“DEVIL, DIE ALREADY!” (SHORT STORY)
Nene was marching round like other congregants, screaming and shaking her head. Her three-year-old frame was mimicking the other worshippers. At some point, she stood with legs apart, both hands thrashing an imaginary being as she echoed, “Die, die, die!”
The devil was in deep trouble today. Any moment now, he’d be dead and they could go home. Flicking aside some beads of sweat that had formed on her forehead due to her exertions, she began the customary march to and fro, repeating as best as she could the prayer the leading pastor was reciting.
This was her first time being in the adult church. They do an awful lot of walking around here, she thought, as her small legs began to feel the strain of the long prayer session. She would have been home watching cartoons but her mum’s younger sister, who served as her nanny, had travelled, leaving her to continue in the adult service before going home with her mum. Her dad was a pastor and would stay for meetings later.
All the marching and shouting was making her thirsty. She weaved her way through the kicking legs, the flailing and punching arms of the petitioners and went to her mum about three metres away. She tugged at her arm and asked for a drink of water. Her mum took Nene by the arm and moved to her seat. She uncorked her water bottle and handed it to her. As Nene was guzzling the water, she snatched it back.
“Enough! Next thing you would be saying is, ‘I want to wee.'”
“Yes, I want to wee.”
“You’re not serious!”
“Sit down very quietly. Don’t disturb me when we’re praying.” She put her bag and the water bottle that were on her chair on the floor and lifted Nene onto it, placing her right forefinger on her lips to say, “Not a word from you!”
Nene sat for a minute, taking in the banging and shadow boxing of the people around.
“I can’t just sit doing nothing,” she thought. “Let’s see what treats can be found in Mum’s bag.”
Climbing down from the chair, she started poking around the knockoff Gucci handbag and presently found some toffee-coated peanuts.
“Yeah!” she screamed. Thankfully, the packet was already open. Clutching the half-full sachet in her left hand, she used her free hand to drag her mum’s bag on the terrazo floor and moved to the nearby wall. As she leaned against the wall and munched happily, an elderly woman scowled at her, so she half shut her eyes and mumbled as if in prayer, nodding her head rhythmically as some others were doing.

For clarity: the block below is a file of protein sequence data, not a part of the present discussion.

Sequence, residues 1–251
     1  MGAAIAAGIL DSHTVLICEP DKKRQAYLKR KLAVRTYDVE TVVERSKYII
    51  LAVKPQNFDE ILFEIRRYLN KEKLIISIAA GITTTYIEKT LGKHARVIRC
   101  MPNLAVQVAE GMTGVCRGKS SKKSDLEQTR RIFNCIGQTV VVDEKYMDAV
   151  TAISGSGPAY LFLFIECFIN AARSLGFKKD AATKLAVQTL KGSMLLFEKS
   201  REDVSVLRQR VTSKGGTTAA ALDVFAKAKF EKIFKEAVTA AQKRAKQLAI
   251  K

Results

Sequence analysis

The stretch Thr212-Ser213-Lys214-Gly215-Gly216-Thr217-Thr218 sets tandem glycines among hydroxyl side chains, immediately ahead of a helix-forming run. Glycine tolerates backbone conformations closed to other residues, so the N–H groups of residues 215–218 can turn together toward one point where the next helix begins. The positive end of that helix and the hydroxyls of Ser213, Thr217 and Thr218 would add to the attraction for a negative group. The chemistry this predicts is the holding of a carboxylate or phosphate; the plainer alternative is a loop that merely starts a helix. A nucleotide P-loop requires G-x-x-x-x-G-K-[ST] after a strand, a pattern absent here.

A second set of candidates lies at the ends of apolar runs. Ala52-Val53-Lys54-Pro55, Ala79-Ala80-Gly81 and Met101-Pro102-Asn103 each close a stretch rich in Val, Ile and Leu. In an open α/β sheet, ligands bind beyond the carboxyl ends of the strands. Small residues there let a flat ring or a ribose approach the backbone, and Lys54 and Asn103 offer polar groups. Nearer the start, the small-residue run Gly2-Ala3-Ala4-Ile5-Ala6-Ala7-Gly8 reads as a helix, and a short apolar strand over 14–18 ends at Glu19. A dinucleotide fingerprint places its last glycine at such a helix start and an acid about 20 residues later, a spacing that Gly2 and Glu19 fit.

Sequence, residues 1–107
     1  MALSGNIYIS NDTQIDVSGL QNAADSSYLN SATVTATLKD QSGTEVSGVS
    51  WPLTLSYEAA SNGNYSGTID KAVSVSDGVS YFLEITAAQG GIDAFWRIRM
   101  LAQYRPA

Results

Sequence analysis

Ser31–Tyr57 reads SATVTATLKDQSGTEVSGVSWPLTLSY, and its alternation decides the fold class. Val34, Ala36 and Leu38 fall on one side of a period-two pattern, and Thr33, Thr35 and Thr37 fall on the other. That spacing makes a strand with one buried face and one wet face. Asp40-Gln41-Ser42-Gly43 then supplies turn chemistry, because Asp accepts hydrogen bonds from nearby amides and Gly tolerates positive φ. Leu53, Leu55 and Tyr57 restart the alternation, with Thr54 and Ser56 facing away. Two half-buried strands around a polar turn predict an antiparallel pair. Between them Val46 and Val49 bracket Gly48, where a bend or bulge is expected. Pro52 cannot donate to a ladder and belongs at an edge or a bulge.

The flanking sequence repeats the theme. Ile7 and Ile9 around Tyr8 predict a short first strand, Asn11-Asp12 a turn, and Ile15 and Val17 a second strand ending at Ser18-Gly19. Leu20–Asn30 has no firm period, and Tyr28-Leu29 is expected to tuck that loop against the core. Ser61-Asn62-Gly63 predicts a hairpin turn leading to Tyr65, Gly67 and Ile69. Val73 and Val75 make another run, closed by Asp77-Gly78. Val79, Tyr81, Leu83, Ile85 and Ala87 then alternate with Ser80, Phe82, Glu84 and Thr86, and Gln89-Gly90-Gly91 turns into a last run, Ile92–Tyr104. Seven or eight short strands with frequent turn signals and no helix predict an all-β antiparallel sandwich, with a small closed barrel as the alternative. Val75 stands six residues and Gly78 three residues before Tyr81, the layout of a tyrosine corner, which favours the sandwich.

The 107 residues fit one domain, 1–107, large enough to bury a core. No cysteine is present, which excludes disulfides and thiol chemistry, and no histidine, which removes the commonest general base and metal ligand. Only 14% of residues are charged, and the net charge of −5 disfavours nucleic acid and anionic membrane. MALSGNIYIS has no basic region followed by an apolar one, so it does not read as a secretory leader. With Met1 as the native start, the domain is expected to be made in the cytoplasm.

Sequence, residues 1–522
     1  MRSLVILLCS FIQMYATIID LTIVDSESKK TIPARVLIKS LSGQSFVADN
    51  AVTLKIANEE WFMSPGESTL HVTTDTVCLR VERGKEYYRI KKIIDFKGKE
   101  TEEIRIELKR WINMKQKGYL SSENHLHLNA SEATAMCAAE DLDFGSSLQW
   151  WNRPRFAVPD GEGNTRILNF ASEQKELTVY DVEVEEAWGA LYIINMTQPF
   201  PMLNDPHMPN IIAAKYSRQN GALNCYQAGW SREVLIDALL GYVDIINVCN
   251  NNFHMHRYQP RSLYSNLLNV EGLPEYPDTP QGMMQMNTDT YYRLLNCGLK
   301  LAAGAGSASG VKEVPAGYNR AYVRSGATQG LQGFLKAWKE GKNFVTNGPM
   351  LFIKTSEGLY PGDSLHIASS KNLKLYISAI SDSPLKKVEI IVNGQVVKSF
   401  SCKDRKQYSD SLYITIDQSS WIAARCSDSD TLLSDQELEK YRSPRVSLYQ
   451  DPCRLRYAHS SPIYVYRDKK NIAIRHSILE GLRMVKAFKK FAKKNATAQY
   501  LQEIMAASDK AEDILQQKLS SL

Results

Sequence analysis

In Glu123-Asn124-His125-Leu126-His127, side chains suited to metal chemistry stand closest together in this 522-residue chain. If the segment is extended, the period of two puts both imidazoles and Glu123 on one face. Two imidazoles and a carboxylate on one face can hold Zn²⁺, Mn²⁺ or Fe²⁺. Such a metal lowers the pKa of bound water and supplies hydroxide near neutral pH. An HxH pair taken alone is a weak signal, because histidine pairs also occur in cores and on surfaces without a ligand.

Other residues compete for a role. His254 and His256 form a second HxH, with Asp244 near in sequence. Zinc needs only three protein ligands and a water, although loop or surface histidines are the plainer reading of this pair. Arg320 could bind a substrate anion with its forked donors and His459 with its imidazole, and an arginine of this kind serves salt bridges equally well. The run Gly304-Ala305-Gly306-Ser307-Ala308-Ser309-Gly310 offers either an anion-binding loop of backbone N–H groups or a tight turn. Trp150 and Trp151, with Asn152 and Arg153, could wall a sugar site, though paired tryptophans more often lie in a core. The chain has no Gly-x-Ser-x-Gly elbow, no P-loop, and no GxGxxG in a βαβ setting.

But as the popular saying goes, good things never last, and so the peanuts ran out. Another dutiful search of her mum’s bag yielded nothing to eat. So she went for the water bottle and drank every drop. Returning to her former spot, she lay on the floor with her mum’s bag as pillow.
However, restless, she sat back up after several minutes and picked a book from her mum’s bag. It was big, black and full of print. Her mum had told her to not write on a book that wasn’t plain but there was nothing else to write on. Besides, there were some plain pages at the beginning, oh well, almost plain. She found a pen in the bag and began to scribble the English alphabets, the ones she’d learnt in nursery school. Actually, they were the only things she could write. A few minutes later, she lost interest in writing.
Oh, oh, she wanted to wee, as in, right then. She ran to her mum.
“Mummy, I want to wee-wee.” No response. “Mummy, please!”
Her mum reluctantly took her to the back of the church to ease herself close to the grass there.
When they got back to the church, everyone was still going, “Die, die, die!”
“Mummy, I want to go home.”
“We’ll soon go. Come on!” Nene had planted herself at a spot and refused to move.
“I want to go now, I want to go now!”
“Sweetie, we’ll soon go. Just as soon as we finish praying.”
Nene, who had begun to cry, looked around at the sweating church folks, shouting, “Die, die, die!” and she wailed in frustration, “Devil, die already now! I just want to go home!”
As her mum lifted her to take her further into the church, Nene bawled and made a scene, reiterating her vexation in these words, “Stubborn devil! Everybody says you should die. Die already, I want to go home!”
Ⓒ Edith Ugochi Ohaja 2019
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